Nepali and US officials pose for a group photo after the handing over of the restored Gaddi Baithak, a historical monument at Kathmandu Durbar Square, on Tuesday. The historical monument was restored with funding from the US government. Photo: Republica
KATHMANDU, Nov 27: The historically-significant Gaddi Baithak Palace that has been the hallmark of the Kathmandu Durbar Square since 1908 is now open for the general public.
The palace which has never been open for the general public before will now be open for guided tours of the main hall with the ground floor being used as a museum.
Minister for Culture Tourism and Civil Aviation Yogesh Bhattarai, Acting director general of department of Archaeology, Damodar Gautam and American ambassador to Nepal, Randy W. Berry, jointly inaugurated the hall for the general public amid a function on Tuesday.
Gaddi Baithak is an important part of Kathmandu Durbar Square where kings were once crowned and where the then royalties welcomed the heads of state and other high-ranking foreign guests to Nepal.
However, the palace which was damaged in 2015's devastating earthquake was renovated by the funding of the US government in collaboration with the Department of Archaeology, Hanuman Dhoka Museum Development Committee and the Kathmandu Metropolitan City.
The American government had provided a total of USD 900,000 to structurally strengthen the Gaddi Baithak and its gateway.
Speaking at the inauguration ceremony, Ambassador Randy Berry said, “I always realized that this building is full of history and beauty and Nepali people as well as the tourists should get to share its splendor.”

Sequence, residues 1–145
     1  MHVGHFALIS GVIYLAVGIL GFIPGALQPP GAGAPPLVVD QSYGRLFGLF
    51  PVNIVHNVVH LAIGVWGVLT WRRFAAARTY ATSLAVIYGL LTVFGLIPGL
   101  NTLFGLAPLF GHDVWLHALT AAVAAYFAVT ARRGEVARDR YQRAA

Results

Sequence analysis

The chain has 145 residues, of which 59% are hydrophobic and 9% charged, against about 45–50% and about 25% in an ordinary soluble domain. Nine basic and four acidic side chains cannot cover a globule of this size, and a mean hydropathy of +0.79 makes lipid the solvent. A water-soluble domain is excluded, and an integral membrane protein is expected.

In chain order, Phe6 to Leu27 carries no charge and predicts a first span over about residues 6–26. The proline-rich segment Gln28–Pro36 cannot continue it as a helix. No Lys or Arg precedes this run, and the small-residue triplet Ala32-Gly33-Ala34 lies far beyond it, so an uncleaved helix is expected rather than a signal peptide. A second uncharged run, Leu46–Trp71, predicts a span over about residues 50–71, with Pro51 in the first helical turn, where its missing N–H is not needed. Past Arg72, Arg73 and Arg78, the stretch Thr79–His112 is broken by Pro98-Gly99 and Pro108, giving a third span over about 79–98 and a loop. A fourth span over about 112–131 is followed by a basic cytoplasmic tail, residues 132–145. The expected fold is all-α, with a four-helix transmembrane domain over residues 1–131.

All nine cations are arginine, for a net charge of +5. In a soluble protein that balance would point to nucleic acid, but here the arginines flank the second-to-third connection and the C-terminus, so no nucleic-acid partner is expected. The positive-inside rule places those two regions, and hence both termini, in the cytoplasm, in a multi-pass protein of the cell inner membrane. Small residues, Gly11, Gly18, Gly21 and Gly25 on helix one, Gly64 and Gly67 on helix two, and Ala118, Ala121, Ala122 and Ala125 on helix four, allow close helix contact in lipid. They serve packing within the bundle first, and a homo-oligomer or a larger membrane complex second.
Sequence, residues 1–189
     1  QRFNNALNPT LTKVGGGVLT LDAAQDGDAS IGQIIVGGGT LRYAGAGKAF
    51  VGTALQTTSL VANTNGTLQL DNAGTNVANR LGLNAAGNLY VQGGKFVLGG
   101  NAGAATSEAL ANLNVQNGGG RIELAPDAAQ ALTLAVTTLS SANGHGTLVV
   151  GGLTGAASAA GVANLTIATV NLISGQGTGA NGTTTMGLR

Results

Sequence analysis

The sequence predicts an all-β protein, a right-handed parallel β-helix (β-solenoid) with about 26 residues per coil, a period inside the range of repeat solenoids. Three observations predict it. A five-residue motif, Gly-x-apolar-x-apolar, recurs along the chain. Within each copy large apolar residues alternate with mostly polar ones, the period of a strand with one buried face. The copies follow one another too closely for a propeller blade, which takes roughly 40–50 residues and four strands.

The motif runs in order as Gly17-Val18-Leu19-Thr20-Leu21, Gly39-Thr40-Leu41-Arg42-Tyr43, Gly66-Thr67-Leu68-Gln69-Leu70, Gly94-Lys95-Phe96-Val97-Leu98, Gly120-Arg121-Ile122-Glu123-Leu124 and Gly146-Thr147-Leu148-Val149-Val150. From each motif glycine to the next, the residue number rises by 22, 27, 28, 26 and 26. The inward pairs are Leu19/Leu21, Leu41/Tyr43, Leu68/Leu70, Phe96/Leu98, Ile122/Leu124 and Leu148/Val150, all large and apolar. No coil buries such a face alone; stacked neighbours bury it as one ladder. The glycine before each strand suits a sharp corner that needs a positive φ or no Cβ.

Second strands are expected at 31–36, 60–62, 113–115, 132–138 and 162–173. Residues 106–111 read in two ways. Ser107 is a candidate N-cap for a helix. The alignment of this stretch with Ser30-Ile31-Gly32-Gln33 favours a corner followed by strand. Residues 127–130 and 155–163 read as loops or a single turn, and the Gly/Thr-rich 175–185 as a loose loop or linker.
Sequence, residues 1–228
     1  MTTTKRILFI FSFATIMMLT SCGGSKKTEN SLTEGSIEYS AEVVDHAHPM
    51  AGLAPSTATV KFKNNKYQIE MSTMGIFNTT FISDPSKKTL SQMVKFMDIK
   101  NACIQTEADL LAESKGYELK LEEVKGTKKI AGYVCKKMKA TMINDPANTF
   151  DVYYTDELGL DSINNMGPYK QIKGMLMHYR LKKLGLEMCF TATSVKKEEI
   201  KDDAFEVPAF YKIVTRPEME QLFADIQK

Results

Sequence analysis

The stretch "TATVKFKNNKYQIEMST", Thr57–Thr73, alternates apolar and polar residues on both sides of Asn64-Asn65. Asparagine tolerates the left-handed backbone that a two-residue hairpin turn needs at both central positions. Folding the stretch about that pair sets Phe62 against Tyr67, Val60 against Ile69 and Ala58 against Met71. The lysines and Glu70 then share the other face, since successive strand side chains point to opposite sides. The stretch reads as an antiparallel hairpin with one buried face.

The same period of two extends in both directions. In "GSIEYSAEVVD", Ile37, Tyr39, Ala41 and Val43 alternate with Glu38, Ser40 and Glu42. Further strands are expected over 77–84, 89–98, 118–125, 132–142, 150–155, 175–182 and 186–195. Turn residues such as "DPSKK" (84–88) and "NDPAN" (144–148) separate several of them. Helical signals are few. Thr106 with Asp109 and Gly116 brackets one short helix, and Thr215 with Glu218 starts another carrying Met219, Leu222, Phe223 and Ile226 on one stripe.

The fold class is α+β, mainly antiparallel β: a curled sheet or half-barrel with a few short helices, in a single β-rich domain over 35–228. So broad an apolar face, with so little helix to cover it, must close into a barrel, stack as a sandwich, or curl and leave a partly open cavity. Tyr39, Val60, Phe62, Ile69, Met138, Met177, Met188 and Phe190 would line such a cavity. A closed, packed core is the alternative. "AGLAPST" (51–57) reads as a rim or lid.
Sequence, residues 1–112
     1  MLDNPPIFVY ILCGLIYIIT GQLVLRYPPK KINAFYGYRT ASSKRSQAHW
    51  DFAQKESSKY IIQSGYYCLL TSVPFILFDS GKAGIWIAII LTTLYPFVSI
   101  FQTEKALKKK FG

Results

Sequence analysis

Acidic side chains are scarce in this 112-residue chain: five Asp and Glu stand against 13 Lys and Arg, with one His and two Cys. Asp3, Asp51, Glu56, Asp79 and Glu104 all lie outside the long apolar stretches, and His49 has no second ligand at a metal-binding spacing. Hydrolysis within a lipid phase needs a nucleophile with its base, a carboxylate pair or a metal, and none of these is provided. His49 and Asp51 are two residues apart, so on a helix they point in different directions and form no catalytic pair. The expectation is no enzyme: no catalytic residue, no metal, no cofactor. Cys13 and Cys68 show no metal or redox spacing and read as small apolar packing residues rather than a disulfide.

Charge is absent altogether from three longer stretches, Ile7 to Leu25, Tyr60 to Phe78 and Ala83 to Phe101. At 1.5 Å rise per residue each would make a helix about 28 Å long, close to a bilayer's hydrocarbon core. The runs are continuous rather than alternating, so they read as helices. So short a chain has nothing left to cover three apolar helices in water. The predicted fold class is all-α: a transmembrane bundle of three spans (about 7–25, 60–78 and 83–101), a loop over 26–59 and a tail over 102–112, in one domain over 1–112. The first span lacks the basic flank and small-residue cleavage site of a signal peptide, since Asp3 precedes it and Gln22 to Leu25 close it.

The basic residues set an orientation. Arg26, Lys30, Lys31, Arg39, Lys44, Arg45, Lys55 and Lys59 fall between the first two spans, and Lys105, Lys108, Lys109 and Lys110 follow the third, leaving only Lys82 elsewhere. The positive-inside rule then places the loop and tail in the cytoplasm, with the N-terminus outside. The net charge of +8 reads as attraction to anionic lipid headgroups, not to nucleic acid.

Now the building has not just been restored to its initial forms but is now more resilient in the event of future natural disasters in order to help the future generations to understand its historical significance.
“Now with their successful restoration, these structures are also more resilient to upcoming natural calamities so that the future generations can also enjoy it,” Berry said.
Formed in 2011, the Ambassadors' Fund has supported over 1,000 projects where in Nepal alone the fund has supported 24 projects for a total of over $3.52 million in the past two decades.
Mentioning that it is mandatory to preserve historical monuments in their most original forms possible, Minister Bhattarai expressed hopes that the opening of the palace for the public will be of great avail to upcoming year Visit Nepal Year 2020. “Historical heritages should be preserved in their original forms possible and the opening up of the palace for public guided tours will surely contribute in some ways to the Visit Nepal 2020,” he said.
Both Bhattarai and Berry explained that Gaddi Baithak is not the only monument standing in the square. There are six other monuments in the square that were all restored by the US government funding and all of which serve as a vital piece making up the entirety of this world heritage site.
“Gaddi Baithak is an example of the longstanding, successful and collaborative partnership between Nepal and the United States,” said Ambassador Berry, adding “The United States is always committed in its support for an independent and prosperous Nepal by cooperating in a mutually beneficial way,” Berry said.
The main hall of the palace will be open for guided tours while the ground floor will have a museum featuring rare artifacts of Nepali history and culture. It will also have trained tour guides to provide customized tours for secondary level students.